Brighton Fringe 2011
1960s decadent Italy, a mafia backdrop and Shakespeare’s much loved (and staged) comedy is brought to life by the Festival Shakspeare Company.
Claudio and Hero fall in love with each other and the plan, of course, is to get married, but evil Don John concocts a slanderous charge against Hero and thus the wedding plans lie in ruins, and there before family and fiends Hero falls into a dead faint, falsely accused of giving her attentions to another. Her family soon suspect slander and the pretence begins: Hero, they say, died from shock. Don John’s evil plan is soon exposed and Claudio falls into sad mourning of Hero’s death. But alls well that ends well and Hero is revealed to be alive and the marriage goes ahead as planned. The villain is caught and the confetti is needed after all!
And for this version, staged outdoors and brought by the perennial Festival Shakespeare Company, welcome to 1960s Italy – the peasants are revolting and the Mafia is on the up. Decadence blooms and surely it cannot last…Cue the moped. It’s Shakespeare time…
This is a charming production, virtuously quirky., and like a good Rosso, matures and gets better as the evening goes on. It’s never less than very good, and, by close of play, is outstanding.
Nicholas Quirke directs a uniformly (and in some cases, uniformed) cast. Chilly evenings are not ideal for outdoor Shakespeare. Rain is worse but warm evening sunsets are better. Chilly evenings require even more of the performers. If they fire up and sustain then an audience will meet them halfway, snuggle up and engage.
So how did the Festival Shakespeare Company do on this, a rather chilly Spring evening? They succeeded, and some. Russell Shaw and Robert Cohen stand out – Shaw is a five star intense comic actor who turns to seriousness with ease in the second half, and Cohen is an impressive villain. Simon Helyer plays Leonato with an endearing Bertie-Wooster-esqueness (iwith physical homage to Hugh Laurie’s legendary rendition). The music is enlivening, often deeply atmospheric, and Quirke’s unique flavour and style make for highly watchable and charming theatre.
Indeed, Quirke’s direction brings out not only the comedy in the original texts, but also in the talents of this very fine cast. There’s a consistency across the performances and it’s a sign of the professionalism here that Much Ado is able to keep adults and children engaged in the chilliness of a May evening.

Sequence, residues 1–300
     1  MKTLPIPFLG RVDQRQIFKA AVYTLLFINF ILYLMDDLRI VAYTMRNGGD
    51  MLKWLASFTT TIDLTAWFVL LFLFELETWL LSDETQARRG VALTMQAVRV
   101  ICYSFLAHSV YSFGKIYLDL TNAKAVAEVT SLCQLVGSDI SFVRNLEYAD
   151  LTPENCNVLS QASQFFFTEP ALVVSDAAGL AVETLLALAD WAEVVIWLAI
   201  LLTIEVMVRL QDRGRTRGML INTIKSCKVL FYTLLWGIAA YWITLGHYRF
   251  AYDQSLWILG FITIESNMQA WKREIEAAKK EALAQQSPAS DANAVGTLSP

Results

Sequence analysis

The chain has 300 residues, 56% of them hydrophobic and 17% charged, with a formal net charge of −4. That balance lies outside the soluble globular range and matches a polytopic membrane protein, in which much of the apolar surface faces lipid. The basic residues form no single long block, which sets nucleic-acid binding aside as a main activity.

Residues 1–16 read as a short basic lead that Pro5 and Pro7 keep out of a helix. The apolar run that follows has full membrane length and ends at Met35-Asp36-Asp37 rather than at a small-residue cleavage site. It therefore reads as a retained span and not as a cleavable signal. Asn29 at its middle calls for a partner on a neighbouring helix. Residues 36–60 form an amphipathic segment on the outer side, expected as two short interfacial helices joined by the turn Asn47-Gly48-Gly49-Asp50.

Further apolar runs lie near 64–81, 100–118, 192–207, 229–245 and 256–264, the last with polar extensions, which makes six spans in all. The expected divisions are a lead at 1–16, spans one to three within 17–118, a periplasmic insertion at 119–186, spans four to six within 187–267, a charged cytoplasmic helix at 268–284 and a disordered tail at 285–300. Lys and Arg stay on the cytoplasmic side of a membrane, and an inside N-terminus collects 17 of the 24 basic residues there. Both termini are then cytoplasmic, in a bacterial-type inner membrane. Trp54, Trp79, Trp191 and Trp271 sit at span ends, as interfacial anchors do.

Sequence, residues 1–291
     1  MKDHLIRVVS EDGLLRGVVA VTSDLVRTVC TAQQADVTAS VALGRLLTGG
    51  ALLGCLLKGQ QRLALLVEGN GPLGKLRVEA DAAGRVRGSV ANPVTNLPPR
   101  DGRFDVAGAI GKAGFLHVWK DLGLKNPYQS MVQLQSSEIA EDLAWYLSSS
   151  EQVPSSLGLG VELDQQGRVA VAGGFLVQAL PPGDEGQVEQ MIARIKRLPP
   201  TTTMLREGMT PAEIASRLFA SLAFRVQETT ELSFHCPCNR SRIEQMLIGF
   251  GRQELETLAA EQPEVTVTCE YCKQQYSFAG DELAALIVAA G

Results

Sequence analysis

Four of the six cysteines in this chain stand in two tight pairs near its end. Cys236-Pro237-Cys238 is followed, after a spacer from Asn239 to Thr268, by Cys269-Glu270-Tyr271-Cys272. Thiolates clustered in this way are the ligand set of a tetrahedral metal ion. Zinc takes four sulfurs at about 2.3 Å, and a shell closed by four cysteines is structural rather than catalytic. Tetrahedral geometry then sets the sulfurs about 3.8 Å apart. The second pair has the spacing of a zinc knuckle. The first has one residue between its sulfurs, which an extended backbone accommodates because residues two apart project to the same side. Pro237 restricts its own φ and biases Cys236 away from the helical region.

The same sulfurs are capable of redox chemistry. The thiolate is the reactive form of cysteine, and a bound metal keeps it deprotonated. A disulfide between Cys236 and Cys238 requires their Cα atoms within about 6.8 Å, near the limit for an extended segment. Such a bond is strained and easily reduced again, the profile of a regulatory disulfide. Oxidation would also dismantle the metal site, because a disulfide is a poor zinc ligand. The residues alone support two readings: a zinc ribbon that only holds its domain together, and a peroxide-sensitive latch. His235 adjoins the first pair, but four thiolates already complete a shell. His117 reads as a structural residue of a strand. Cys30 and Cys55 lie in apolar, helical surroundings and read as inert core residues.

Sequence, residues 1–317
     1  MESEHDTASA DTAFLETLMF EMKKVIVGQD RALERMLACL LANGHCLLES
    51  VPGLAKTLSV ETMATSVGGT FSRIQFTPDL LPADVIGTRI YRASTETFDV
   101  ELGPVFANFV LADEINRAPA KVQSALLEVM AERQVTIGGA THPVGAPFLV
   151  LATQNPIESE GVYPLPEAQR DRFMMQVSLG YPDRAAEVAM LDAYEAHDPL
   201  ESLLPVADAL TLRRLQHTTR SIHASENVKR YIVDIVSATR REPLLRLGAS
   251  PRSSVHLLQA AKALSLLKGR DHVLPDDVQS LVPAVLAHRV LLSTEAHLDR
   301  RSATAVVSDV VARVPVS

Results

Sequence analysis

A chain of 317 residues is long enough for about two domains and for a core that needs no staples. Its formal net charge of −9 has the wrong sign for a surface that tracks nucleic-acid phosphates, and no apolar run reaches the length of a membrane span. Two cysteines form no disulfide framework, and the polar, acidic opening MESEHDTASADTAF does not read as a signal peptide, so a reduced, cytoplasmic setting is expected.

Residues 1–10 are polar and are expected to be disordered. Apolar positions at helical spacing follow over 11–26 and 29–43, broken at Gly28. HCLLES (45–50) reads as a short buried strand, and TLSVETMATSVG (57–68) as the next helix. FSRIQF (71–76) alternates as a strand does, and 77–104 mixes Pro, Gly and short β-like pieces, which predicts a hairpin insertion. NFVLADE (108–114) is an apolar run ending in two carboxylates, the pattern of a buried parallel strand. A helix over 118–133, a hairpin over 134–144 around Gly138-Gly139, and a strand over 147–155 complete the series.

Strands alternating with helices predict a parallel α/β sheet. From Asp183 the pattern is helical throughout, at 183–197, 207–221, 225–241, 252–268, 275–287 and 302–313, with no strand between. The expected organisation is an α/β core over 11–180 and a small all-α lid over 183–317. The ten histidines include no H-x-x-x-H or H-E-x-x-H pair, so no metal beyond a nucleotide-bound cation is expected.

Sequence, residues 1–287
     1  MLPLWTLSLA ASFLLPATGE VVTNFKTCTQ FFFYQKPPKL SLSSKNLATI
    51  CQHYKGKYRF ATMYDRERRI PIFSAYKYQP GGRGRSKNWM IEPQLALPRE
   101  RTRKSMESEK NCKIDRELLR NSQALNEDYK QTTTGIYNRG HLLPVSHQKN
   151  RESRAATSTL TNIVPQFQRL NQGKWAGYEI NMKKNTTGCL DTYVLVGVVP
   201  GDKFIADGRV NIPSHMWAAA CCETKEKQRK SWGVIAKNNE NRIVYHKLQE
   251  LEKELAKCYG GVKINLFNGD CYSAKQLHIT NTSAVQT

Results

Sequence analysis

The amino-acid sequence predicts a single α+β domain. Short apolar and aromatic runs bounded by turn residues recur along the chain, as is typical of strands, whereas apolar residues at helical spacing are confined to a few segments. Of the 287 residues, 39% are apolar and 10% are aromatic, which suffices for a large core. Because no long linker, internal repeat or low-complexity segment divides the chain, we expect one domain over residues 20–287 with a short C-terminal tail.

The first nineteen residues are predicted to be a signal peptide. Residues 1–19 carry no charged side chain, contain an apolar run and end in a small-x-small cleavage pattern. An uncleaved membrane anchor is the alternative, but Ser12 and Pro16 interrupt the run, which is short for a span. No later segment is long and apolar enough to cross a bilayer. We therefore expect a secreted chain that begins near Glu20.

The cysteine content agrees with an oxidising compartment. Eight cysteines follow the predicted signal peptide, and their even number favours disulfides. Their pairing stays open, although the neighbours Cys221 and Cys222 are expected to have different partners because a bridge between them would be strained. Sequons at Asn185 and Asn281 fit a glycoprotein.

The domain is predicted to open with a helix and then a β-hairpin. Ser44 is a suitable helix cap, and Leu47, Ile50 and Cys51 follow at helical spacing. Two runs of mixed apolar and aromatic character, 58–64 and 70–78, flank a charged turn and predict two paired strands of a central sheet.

The second half is more intense than the first and the lights pick out the actors better and delineate the scenes and set pieces more effectively. The drama is strong , the dialogue affecting. The comedy is often in temporary abeyance in Much Ado as the story unfolds and themes of deception and redemption are explored
Why do we jump so quickly to disbelieve those we claim to love? What are the consequences of misjudgement, of jealousy and scheming? This would be impressive indoor Shakespeare. But to achieve such rapt audience attention (children and dogs too were utterly captivated, not just adults) under minimal light in the fresh seaside air outdoors is an outstanding part of the whole venture.
The ingredients of success here: lovely filmic images, gorgeous music and dance, opulence in the chosen setting of Italian aristo-decadence, a uniformly impressive and talented cast, empowering and imaginative direction from Quirke that is never over-fussy and always allow simplicity to create direct contact with the audience and finally, an ability to deliver humour in a way that never chokes the narrative,and allows for a captivating, watchable story
This is, particularly in the second half, among the best outdoor Shakespeare I have seen in my life.